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Prodigy Houses of Virginia: Architecture and the Native Elite Hardcover – February 29, 2008


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Product Details

  • Hardcover: 400 pages
  • Publisher: University of Virginia Press; First Printing edition (February 29, 2008)
  • Language: English
  • ISBN-10: 0813926734
  • ISBN-13: 978-0813926735
  • Product Dimensions: 1 x 7 x 10 inches
  • Shipping Weight: 2.1 pounds (View shipping rates and policies)
  • Average Customer Review: 5.0 out of 5 stars  See all reviews (1 customer review)
  • Amazon Best Sellers Rank: #1,872,729 in Books (See Top 100 in Books)

Editorial Reviews

Review

"Mooney's study offers a valuable and new insight into some of Virginia's and also Colonial America's most visible remains, the great houses of Virginia. It is a book that will revolutionize the study of early American architecture through its close look at both the buildings and the people who paid for them.

(Richard Guy Wilson, University of Virginia)

"Some of the most popular and enduring images of early American architecture are the colonial houses of Tidewater Virginia. For the past century, antiquarians have extolled the virtues of the families that built these plantation houses; garden clubs and promoters of tourism have turned them into pilgrimage spots; and historians of various stripes have analyzed their architectural pedigree, linking their forms to design trends in seventeenth- and eighteenth-century Britain and Europe. Barbara Mooney has shed new light on very familiar territory and offers a much-needed corrective to certain misconceptions about the origins and design of Virginia’s great houses. Prodigy Houses of Virginia is no mere gloss of old stories, but a thoughtful and probing account of the background, social and political standing, and motivation of some two dozen individuals who went to extraordinary lengths to build houses that more than accommodated basic needs—ones that promised a more tangible and lasting legacy. This is not a history of the buildings but a collective history of the patrons who commissioned them—a study of why and how the colonial elite chose to construct monumental houses. It is essential reading for those who wish to understand the dynamics of gentry culture in colonial Virginia.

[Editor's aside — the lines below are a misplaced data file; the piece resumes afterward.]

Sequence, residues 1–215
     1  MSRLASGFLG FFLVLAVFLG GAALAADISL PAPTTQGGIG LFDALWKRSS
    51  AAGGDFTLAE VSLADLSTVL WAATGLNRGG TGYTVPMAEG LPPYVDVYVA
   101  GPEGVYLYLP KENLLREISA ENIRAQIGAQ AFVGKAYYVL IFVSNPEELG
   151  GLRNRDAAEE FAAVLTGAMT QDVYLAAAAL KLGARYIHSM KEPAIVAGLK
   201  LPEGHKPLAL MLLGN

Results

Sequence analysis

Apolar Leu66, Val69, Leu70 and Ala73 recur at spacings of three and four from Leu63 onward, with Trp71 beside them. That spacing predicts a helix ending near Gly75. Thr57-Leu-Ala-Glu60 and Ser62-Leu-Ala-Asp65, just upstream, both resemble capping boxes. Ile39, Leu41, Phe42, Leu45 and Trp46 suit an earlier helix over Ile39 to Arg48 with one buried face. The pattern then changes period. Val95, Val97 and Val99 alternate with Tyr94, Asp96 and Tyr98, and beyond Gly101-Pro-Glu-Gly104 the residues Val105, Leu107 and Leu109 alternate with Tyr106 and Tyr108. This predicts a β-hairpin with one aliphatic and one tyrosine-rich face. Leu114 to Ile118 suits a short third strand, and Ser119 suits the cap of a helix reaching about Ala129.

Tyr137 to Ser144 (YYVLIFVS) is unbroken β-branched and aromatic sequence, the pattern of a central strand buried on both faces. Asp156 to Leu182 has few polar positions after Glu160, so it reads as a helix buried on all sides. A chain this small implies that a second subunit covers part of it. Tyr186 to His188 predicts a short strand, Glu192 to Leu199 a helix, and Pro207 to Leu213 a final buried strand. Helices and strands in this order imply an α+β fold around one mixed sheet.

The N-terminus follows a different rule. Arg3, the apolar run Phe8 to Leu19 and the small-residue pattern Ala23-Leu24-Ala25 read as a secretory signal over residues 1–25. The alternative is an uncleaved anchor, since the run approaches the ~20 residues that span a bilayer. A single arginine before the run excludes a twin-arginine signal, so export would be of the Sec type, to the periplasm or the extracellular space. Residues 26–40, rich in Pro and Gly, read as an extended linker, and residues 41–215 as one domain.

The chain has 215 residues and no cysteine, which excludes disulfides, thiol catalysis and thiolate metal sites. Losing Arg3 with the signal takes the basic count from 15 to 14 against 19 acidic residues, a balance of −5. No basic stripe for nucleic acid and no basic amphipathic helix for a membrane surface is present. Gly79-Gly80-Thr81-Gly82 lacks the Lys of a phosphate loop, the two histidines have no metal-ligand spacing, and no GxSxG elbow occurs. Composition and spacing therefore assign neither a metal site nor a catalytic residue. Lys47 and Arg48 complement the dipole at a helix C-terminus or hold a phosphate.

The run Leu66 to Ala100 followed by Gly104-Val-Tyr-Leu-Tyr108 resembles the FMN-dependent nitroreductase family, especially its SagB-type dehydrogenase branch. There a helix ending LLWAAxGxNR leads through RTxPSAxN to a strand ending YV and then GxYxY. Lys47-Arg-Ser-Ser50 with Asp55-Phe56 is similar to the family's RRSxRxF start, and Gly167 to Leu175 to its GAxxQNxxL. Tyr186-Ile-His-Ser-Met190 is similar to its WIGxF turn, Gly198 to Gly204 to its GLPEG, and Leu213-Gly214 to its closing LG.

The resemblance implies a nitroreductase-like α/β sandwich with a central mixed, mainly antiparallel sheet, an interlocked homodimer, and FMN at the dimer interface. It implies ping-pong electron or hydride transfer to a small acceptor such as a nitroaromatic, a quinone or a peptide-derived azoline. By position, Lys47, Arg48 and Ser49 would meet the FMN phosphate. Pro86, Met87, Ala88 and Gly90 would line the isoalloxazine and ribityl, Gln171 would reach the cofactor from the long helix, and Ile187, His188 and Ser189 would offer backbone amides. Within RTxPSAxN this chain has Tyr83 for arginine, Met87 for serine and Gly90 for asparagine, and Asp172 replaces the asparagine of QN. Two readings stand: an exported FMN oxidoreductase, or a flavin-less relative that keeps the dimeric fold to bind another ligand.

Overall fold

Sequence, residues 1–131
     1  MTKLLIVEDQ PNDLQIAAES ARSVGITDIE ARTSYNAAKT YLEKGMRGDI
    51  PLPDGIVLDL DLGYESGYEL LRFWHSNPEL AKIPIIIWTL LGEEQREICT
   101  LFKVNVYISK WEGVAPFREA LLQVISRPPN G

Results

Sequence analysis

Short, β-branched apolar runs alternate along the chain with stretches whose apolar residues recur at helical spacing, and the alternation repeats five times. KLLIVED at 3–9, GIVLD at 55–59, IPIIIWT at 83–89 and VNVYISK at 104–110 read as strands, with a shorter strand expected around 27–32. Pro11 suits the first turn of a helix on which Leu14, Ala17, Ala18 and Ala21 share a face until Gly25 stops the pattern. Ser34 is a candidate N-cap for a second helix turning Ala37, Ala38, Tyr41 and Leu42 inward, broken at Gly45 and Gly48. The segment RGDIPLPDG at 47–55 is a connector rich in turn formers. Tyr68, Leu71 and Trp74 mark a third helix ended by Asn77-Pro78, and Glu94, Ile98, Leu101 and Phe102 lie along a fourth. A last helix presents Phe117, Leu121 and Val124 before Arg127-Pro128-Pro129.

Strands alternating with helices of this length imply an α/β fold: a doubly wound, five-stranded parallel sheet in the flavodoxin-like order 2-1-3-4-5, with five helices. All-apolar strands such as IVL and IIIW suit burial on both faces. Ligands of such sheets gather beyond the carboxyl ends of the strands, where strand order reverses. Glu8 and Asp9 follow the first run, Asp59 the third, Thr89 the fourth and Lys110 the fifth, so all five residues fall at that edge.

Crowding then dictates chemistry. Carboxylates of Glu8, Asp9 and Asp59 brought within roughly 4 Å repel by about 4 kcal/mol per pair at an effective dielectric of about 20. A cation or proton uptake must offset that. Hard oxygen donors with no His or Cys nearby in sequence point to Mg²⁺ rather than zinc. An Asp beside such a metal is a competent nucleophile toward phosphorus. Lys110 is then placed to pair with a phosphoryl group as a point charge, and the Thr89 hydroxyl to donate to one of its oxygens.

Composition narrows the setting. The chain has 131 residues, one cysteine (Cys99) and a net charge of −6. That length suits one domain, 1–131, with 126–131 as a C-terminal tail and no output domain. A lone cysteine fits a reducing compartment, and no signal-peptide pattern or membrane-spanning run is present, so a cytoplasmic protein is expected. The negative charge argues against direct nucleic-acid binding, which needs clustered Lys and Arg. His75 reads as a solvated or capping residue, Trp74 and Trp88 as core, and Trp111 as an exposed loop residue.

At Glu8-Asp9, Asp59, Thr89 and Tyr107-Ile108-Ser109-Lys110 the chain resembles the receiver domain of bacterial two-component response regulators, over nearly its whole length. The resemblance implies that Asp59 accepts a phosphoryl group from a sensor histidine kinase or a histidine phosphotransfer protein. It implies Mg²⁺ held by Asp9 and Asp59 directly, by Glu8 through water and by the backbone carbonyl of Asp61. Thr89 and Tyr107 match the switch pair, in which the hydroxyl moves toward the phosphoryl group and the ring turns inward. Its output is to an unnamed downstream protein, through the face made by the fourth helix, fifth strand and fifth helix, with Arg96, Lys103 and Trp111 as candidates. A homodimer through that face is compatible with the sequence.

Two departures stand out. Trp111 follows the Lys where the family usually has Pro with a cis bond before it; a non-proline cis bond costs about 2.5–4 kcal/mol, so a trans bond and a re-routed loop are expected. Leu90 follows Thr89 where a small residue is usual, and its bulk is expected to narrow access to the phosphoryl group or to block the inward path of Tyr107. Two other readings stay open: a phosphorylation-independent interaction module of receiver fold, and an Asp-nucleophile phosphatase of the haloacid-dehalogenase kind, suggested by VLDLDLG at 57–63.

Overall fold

(Carl Lounsbury, Architectural Historian at the Colonial Williamsburg Foundation, is the author The Courthouses of Early Virginia: An Architectural History (Virginia), among other books)

About the Author

Barbara Burlison Mooney is Associate Professor of Art and Art History at the University of Iowa.


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Most Helpful Customer Reviews

5 of 5 people found the following review helpful By Jon L. Albee TOP 1000 REVIEWERVINE VOICE on April 3, 2009
Format: Hardcover Verified Purchase
The first thing potential readers should know it that this is a serious piece of scholarship, intended for architectural historians, art historians and sociologists as much as the general public. In that sense, it is beautifully done.

While the writing style is quite accessible, the topic is esoteric. This book is as much about sociology as it is about houses, it's as much about colonial wealth creation as it is about architecture. It is not a catalog of grand plantation houses in Virginia. Don't buy this book if that's what you're expecting.

Wonderfully illustrated throughout with black & white plans, elevations and architectural details, this book explains how the colonial gentry in Virginia chose to express their wealth in architecture as a substitute for the things they could not achieve, namely, the vast hereditary wealth of the English aristocracy. The book brings to mind Rhys Isaac more readily than Richard Wilson or Calder Loth. The artistic styles and inventories of both existing and lost structures are meticulously analyzed, as are the latest developments in plantation archaeology.

The book is a relatively small, robust hardback, well constructed by the University of Virginia Press.
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